The tapes also show Woodward struggling to extract basic information from Trump, as the former president spins off on tangents or repeats himself about unrelated matters. Yet Trump would often initiate phone conversations at unexpected hours and talk at length, Woodward told The Post — even as Trump claimed that he didn’t have time to sit down with the White House’s top infectious-disease expert, Anthony S. Fauci.
In one exchange, Woodward highlighted for Trump their shared disdain for the Steele dossier — a compilation of memos by a former British intelligence agent suggesting Trump ties to Russia.
In early 2017, Trump had happily tweeted about Woodward calling the dossier “a garbage document” during a “Fox News Sunday” appearance, and Woodward reminded Trump of this in a 2019 conversation. “You tweeted a thing, ‘thank you,’ and everyone piled on me: How can you say that?! This is a holy document!'” the journalist added with a tinge of sarcasm aimed at his naysayers.
Woodward told The Post that his past comments about the dossier may have encouraged Trump to speak with him. But he thinks Trump was also influenced by Sen. Lindsey O. Graham (R-S.C.), who reassured him that Woodward would not put words in his mouth.
Meanwhile, the audiotapes suggest that Trump was determined he could win Woodward’s esteem, repeatedly referring to his prowess as a leader in terms like “nobody else” or “I’m the only one.”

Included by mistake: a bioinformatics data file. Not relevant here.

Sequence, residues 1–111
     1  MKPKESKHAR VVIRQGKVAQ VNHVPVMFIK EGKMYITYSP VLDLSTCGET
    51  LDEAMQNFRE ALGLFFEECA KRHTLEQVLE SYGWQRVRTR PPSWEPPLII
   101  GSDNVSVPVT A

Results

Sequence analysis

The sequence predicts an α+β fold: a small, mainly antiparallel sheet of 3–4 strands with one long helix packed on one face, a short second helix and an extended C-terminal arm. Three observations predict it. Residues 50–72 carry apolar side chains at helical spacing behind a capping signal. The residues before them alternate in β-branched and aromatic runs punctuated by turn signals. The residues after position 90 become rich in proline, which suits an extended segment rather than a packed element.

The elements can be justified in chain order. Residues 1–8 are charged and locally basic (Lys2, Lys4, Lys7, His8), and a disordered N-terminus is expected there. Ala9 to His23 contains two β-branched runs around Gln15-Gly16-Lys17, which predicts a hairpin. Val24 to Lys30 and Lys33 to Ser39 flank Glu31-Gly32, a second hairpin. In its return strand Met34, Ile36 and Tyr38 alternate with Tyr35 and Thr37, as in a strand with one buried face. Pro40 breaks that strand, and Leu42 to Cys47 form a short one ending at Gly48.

Woodward’s interviewing style turned more confrontational during an April 2020 call, amid the growing pandemic crisis — to the point that he found himself lecturing Trump. The tapes show the journalist pushing Trump to take a more forceful government response.
“If you come out and say ‘This is a full mobilization, this is a Manhattan Project, we are going — pardon the expression — balls to the wall,’ that’s what people want,” Woodward told Trump, sometimes shouting and interrupting the president to make his argument.
“I’m going to do what you would like me to do, which I am doing,” Trump later replied, after hearing Woodward’s case.
“No, no, that’s not — ” Woodward said, apparently aware that his comments had come across like advocacy, but Trump cut him off.
In his interview with The Post, Woodward acknowledged that his approach in that conversation was “really unusual for a reporter.” But he had previously spent several weeks talking to top health experts in the government who said they couldn’t get through to Trump about the seriousness of the crisis, and he felt an obligation to present their list of recommended actions to Trump, to make sure the president knew what the experts were saying.
“We were in a different world,” Woodward told The Post, citing the accelerating death toll. “You have to take the public interest first in this case.”
Though Woodward repeatedly told Trump that the recommendations were “based on my reporting” and that he was speaking “as a reporter,” after the call, his wife, journalist Elsa Walsh, told him it sounded as if he were telling the president what to do.
In July, Woodward pressed Trump again on his plan for tackling the pandemic. “You will see the plan. Bob — I’ve got 106 days. That’s a long time.” By mentioning the 106 days until the election, Trump seemed to be viewing questions about the crisis through the lens of his reelection bid. In his voice-over commentary, Woodward noted: “I did not know what to say.”